Watch CBS News

Weinstein Blame Game: Manhattan DA, NYPD Point Fingers Over Handling Of Sexual Assault Allegation

NEW YORK (CBSNewYork/CBSNews/AP) – The Manhattan district attorney's office and the NYPD are pointing fingers over how they handled a sexual assault allegation against Hollywood mogul Harvey Weinstein.

The New York Times first reported last week that Weinstein settled at least eight sexual harassment lawsuits over the years. He was fired Sunday from the Weinstein Co., and the claims against him keep coming.

In a follow-up report Tuesday, actresses Gwyneth Paltrow and Angelina Jolie told The Times that Weinstein had sexually harassed them.

Paltrow said when she was 22 years old, Weinstein placed his hands on her and suggested they go the bedroom for massages. She said she refused his advances, but later her then-boyfriend Brad Pitt confronted Weinstein about it.

Jolie said in the 1990s, she had what she called a bad experience with Weinstein and chose to never work with him again.

Aspiring screenwriter Louisette Geiss held a news conference Tuesday, saying Weinstein harassed her when they met to discuss a script.

"I could get a three picture deal and that he would green-light my script, but I had to watch him masturbate," she said.

Separately, three women accused Weinstein of raping them in a story published online by The New Yorker, including the Italian actress Asia Argento and a woman who was an aspiring actress in college when she caught Weinstein's eye.

In March 2015, model Ambra Battilana Gutierrez told the NYPD that Weinstein had sexually assaulted her. The New Yorker published a recording obtained during the investigation in which Weinstein is heard admitting to groping Gutierrez.

Weinstein's spokesperson responded, saying; "Any allegations of nonconsensual sex are unequivocally denied by Weinstein."

The NYPD said it investigated a misdemeanor sexual abuse complaint against Weinstein at that time and referred the case to the Manhattan District Attorney's Office.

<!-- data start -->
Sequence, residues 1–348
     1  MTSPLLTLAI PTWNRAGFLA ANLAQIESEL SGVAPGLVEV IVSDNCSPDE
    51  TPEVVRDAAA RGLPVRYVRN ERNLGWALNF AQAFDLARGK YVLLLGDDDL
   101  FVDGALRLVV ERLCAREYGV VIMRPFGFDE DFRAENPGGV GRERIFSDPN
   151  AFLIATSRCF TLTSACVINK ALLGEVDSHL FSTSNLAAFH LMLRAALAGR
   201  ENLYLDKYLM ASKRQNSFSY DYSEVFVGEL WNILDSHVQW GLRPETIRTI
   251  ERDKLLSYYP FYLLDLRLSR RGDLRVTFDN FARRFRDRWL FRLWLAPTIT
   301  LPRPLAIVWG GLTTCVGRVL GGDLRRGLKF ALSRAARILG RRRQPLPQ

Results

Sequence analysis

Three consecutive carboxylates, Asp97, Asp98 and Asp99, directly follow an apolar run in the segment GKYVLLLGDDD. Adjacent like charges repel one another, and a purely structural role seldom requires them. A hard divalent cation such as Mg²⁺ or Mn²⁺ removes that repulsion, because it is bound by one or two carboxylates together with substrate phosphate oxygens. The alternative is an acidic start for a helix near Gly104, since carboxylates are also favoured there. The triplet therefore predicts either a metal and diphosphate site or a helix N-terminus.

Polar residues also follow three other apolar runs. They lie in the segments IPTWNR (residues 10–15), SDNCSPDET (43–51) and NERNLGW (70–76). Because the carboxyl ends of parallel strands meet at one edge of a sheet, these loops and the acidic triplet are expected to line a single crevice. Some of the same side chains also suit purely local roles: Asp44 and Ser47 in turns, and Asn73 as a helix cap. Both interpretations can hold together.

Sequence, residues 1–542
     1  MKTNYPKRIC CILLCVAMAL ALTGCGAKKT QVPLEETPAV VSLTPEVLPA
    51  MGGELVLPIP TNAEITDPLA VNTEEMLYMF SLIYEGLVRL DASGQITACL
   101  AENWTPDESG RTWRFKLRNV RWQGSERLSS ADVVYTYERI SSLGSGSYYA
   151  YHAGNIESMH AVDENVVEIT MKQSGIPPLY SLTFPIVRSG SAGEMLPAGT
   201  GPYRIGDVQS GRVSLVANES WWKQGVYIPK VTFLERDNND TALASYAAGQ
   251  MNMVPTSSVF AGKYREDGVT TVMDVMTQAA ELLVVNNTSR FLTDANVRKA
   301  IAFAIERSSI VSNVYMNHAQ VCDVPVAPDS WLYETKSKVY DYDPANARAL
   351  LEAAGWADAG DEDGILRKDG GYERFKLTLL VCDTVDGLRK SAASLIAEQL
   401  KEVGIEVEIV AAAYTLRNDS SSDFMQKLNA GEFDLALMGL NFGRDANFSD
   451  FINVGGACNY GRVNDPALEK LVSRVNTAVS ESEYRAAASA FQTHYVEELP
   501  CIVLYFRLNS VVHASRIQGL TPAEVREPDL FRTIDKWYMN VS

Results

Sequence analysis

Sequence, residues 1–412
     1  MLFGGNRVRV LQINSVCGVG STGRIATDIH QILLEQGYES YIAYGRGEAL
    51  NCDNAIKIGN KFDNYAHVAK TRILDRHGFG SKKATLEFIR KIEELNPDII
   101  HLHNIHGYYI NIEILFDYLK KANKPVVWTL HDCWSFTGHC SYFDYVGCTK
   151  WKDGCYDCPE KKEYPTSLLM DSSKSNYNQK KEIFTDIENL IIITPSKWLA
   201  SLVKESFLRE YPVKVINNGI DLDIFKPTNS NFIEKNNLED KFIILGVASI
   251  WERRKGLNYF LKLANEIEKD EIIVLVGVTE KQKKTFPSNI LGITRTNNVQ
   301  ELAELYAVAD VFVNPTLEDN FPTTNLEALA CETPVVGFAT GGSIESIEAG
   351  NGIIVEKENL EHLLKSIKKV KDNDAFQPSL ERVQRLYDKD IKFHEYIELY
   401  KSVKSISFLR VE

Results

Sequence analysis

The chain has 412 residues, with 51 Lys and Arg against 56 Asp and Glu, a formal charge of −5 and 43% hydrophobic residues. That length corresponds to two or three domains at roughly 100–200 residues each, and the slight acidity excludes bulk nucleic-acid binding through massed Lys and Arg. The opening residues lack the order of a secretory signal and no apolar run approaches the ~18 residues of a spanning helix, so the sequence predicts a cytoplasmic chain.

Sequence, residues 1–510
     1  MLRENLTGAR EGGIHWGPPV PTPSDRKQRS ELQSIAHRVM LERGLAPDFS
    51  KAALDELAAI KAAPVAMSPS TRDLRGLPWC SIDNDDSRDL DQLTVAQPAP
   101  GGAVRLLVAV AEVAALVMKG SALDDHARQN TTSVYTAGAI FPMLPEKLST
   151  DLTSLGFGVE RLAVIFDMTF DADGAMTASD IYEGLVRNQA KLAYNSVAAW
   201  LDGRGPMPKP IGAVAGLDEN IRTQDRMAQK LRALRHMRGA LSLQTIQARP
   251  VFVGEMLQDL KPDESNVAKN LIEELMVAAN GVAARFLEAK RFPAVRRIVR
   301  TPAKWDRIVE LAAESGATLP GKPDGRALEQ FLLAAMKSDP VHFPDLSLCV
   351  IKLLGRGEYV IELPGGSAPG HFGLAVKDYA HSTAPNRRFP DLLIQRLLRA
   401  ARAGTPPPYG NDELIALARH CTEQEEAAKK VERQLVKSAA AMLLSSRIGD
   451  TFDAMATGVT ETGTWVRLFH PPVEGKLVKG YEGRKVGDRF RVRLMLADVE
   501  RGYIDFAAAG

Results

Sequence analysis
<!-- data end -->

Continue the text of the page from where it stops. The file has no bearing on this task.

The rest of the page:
The DA's office ultimately decided not to file charges.

A statement issued by Tuesday by Chief Assistant DA Karen Friedman read in part, "While the recording is horrifying to listen to, what emerged from the audio was insufficient to provide a crime under New York law, which requires prosecutors to establish criminal intent."

The DA's office pointed fingers at police, saying the NYPD arranged a controlled call and meeting between Weinstein and the woman -- without its knowledge or input.

"The seasoned prosecutors in our Sex Crimes Unit were not afforded the opportunity before the meeting to counsel investigators on what was necessary to prove a misdemeanor sex crime," the statement said.

The NYPD fired back, saying, "the case was carried out by experienced detectives and supervisors from NYPD's Special Victims Unit."

"The detectives used well established investigative techniques. The recorded conversation with the subject corroborates the acts that were the basis for the victim's complaint to the police a day earlier. This follow-up recorded conversation was just one aspect of the case against the subject," the statement continued. "This evidence, along with other statements and timeline information was presented to the office of the Manhattan District Attorney."

It's something Pace University Law professor Bennett Gershman backs up.

"You are listening to a sexual pervert ply his trade," Gershman told CBS2's Brian Conybeare. "It's so easy, and for a prosecutor to say there's no proof of say there's not proof of criminal intent? That's what the prosecutor Vance said, that's just so, so wrong."

Actress and screenwriter Luisette Geiss is the latest accuser.

"I don't think that Harvey Weinstein comprehends how much pain and suffering this brings me and scores of other women," she said in a Tuesday press conference.